So isn’t it interesting that Paul’s whole missionary journey heads in a completely different direction when he sees this vision. And not only that, even though he sees a man in this vision calling out for help, the person he meets in Philippi, is a woman named Lydia. In fact at this point, it’s probably important to note that of all the churches Paul established, Phillipi is perhaps his most important, and most loved congregation. So, it’s no surprise to me that the “man” he was hoping to find was in fact a prominent woman; who not only heard the gospel, but acted on it and accepted it, and instead of being the person who needed to be helped, was one of the most important people who actually helped Paul establish this first congregation in the west, and now his new base of operations for his mission West.
Here’s how Luke tells it: 14 A certain woman named Lydia, a worshiper of God, was listening to us; she was from the city of Thyatira and a dealer in purple cloth. The Lord opened her heart to listen eagerly to what was said by Paul. 15 When she and her household were baptized, she urged us, saying, “If you have judged me to be faithful to the Lord, come and stay at my home.” And she prevailed upon us.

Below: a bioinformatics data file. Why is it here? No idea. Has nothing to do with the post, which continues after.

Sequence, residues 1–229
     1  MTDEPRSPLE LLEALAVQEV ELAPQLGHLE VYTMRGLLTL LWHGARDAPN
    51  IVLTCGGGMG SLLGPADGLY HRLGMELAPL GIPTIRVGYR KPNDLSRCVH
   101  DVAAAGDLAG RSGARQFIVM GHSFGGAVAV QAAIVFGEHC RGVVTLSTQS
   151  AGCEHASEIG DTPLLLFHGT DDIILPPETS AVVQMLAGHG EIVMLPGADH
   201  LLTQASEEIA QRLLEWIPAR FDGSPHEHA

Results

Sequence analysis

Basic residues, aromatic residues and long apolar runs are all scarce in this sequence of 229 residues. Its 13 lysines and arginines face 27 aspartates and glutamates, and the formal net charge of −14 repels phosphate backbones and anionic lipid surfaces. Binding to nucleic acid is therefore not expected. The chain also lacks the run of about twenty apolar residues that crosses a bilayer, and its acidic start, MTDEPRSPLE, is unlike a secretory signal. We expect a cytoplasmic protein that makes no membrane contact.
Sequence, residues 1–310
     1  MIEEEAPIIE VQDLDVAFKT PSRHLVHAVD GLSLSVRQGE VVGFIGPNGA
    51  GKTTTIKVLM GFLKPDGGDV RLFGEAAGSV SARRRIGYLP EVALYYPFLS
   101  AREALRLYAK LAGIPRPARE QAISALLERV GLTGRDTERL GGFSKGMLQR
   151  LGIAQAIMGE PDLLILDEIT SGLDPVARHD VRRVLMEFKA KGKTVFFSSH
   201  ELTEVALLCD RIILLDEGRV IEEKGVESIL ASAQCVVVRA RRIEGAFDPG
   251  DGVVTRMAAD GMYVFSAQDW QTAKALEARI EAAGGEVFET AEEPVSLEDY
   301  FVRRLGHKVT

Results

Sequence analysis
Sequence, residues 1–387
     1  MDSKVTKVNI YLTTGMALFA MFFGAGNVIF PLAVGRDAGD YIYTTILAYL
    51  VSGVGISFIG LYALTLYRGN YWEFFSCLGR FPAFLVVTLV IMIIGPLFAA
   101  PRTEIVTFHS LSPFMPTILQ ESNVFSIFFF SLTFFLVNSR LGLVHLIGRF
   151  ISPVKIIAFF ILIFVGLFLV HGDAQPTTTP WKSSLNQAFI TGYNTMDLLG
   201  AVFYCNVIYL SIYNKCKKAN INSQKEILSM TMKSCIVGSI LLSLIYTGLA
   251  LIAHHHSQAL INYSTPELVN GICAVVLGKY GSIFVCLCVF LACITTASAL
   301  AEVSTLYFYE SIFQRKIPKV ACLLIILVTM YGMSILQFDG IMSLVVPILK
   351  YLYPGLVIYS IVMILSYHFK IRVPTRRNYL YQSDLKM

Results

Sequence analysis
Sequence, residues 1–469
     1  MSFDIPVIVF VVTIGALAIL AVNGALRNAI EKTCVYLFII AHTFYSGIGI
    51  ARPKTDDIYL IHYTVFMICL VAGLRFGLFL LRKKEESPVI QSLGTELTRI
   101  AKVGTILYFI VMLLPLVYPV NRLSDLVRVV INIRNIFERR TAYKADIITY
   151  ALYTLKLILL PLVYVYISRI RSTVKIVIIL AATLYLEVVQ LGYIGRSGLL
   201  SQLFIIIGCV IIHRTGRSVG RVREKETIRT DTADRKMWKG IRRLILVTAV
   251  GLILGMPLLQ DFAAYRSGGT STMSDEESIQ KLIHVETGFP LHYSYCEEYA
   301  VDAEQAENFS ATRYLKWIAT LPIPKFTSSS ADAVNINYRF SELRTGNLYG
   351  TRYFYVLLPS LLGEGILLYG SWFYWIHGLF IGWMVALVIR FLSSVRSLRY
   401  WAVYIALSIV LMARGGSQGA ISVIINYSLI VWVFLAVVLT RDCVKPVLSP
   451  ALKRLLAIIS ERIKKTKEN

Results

And she prevailed upon us…which of course she would considering she was a woman of means and was comfortable in the public square. Did you know that of all the gospel writers, only Luke records how the apostles were financially supported? In the gospel of Luke, after listing four women by name, he adds in 8:3: “and many more” to the list of women who “provided financial support for Jesus and his disciples.” (Luke 8:3). My point is that it takes a whole, faithful village to build a church. Strike that, apparently a whole village of faithful women (and maybe a few men). Truth is, it takes each and everyone of us to see a vision like Paul’s and follow through on it.
And this is no easy task. It has its challenges…things don’t always go the way we think they will. There are ups and downs; there are times of fallow and harvest; times when things harder and less fruitful, where things don’t seem to be growing or moving — times when there’s more struggle and challenges than seems necessary. And then there are times of growth, and progress, times when things seem to be really coming together. As Ecclessiastes says: everything in its season, I suppose. But when the people of God stick with it, and stay at it, because they are committed to the vision and keep coming together for this larger purpose… — watch out.